6 .Jun.2019

Successful over-seeding

White clover and festulolium have boosted yields from permanent pasture

Last summer, sheep farmer Tim Heywood at Highfield Farm, Rackenford near Tiverton in Devon, over-seeded an old 2.8ha field of permanent pasture with white clover and Lofa festulolium. Conditions were tough in the summer drought but the results have been impressive. The field lies at 274 metres above sea level, half way between Dartmoor and Exmoor.

“We have been on the farm for three years and have improved the grassland for our flying flock of 400 ewe lambs, which we run for 11 months and sell as shearlings in the autumn,” explains Mr. Heywood.

“I work closely with John Harris of Oliver Seeds, who soil tested all the fields and dug inspection pits to check for compaction. The soil had low pH of 5 and we applied 2.5t of lime across the whole farm and a further tonne each year since then.

“This field had a lot of weeds, including creeping thistle, buttercups and dandelions. We sprayed with the broad-spectrum herbicide Forefront T in 2017 and grazed it for the rest of the season. Last summer we decided to add a mixture of 3.6kg/ha of Buddy white clover and 22kg/ha of Lofa.”

Mr. Heywood followed Mr. Harris’ guidance for over-seeding precisely. The sheep grazed the pasture hard before harrowing with a Köckerling Grasmaster in two directions to pull out all the dead thatch.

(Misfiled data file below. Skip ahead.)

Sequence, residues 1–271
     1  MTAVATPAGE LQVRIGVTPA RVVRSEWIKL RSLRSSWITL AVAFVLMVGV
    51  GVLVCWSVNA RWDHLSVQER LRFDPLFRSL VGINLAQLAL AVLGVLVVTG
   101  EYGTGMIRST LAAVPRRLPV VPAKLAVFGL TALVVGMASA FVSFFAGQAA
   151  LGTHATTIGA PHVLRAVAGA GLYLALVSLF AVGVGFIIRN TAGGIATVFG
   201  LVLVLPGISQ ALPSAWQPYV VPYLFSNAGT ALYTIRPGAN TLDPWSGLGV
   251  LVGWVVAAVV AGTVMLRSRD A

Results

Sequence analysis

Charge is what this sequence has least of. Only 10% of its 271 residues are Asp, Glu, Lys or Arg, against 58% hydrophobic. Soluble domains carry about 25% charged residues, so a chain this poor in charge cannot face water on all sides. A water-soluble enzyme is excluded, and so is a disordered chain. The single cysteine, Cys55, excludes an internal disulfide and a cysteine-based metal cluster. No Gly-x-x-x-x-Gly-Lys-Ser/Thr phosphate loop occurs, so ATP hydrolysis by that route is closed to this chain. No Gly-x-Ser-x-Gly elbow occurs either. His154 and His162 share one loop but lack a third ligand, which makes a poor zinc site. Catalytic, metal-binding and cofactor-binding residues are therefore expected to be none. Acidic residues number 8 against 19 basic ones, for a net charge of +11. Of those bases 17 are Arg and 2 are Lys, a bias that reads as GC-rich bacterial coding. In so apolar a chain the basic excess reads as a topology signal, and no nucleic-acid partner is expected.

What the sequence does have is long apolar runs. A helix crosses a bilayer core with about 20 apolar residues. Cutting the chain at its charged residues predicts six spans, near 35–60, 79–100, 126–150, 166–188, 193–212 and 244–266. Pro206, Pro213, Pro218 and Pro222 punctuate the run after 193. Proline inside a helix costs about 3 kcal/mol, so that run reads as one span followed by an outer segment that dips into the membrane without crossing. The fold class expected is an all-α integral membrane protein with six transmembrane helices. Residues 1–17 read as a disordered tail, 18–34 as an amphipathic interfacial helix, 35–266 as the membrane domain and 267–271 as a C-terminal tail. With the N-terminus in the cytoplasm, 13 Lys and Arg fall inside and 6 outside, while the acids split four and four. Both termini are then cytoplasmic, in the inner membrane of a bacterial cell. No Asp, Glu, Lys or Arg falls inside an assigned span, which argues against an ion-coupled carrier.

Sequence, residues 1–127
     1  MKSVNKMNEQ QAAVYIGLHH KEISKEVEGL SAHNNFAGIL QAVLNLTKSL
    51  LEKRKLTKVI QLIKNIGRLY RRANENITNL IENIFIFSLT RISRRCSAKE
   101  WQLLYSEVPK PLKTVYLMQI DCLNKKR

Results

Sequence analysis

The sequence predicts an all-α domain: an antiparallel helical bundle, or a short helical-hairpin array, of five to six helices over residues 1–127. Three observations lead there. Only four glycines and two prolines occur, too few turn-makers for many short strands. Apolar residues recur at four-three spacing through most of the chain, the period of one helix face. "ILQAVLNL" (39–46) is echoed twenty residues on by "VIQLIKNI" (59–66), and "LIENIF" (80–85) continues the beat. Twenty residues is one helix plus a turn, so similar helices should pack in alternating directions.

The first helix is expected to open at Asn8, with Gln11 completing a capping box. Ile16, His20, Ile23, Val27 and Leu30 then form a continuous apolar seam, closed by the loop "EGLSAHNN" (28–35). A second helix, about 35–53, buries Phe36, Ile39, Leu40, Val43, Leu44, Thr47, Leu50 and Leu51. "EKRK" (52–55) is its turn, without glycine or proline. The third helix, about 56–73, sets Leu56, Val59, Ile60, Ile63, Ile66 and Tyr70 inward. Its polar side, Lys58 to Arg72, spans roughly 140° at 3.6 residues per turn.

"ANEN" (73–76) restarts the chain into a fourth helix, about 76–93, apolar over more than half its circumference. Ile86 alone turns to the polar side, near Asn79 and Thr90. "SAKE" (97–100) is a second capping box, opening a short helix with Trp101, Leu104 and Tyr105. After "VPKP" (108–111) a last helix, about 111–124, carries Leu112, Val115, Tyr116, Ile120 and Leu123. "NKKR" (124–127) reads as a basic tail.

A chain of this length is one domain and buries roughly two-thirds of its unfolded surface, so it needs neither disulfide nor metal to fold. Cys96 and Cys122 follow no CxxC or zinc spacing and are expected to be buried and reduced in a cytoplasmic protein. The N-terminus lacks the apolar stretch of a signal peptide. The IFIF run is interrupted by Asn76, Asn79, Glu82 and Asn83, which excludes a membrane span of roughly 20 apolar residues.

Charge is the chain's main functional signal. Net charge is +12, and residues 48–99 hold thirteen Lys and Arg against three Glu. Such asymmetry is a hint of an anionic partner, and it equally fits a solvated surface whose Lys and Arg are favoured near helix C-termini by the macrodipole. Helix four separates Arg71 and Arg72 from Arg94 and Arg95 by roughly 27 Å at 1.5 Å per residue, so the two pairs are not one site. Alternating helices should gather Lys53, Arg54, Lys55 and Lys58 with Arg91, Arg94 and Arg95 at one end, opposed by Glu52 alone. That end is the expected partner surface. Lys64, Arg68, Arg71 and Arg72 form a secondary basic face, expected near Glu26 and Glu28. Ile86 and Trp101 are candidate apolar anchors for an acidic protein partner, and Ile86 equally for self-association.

The seed was added into the tined seeder and broadcast in two directions before being rolled with a heavy set of 6-metre wide Cambridge rollers. Mr. Heywood drove slowly in both directions, allowing the sharp edges to push the seed into the ground. The sheep stayed in the field until the clover started to germinate to keep the original sward tight to allow light to the seedlings. 

“I had reservations about seeding because it was so dry,” admits Mr. Heywood. “But the clover came through strongly across the whole field – it was incredible to see.

“I took a cut of haylage which was made into large square bales in August and the sheep grazed it into the autumn.

“This spring it is easy to spot the young Lofa coming through and I am expecting the clover to get going once the temperatures rise. This has been a cost-effective way to improve this field and I am delighted with the results.”

This case study was first published in Farmers Guardian, March 29, 2019